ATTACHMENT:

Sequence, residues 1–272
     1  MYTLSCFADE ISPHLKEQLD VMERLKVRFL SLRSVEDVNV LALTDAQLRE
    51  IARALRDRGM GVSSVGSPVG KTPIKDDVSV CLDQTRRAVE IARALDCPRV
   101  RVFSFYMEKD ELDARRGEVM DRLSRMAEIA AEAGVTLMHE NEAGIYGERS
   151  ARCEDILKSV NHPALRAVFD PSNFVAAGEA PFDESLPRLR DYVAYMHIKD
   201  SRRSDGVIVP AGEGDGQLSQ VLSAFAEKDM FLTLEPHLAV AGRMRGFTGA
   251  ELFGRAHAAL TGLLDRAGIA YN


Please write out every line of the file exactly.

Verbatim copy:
Sequence, residues 1–272
     1  MYTLSCFADE ISPHLKEQLD VMERLKVRFL SLRSVEDVNV LALTDAQLRE
    51  IARALRDRGM GVSSVGSPVG KTPIKDDVSV CLDQTRRAVE IARALDCPRV
   101  RVFSFYMEKD ELDARRGEVM DRLSRMAEIA AEAGVTLMHE NEAGIYGERS
   151  ARCEDILKSV NHPALRAVFD PSNFVAAGEA PFDESLPRLR DYVAYMHIKD
   201  SRRSDGVIVP AGEGDGQLSQ VLSAFAEKDM FLTLEPHLAV AGRMRGFTGA
   251  ELFGRAHAAL TGLLDRAGIA YN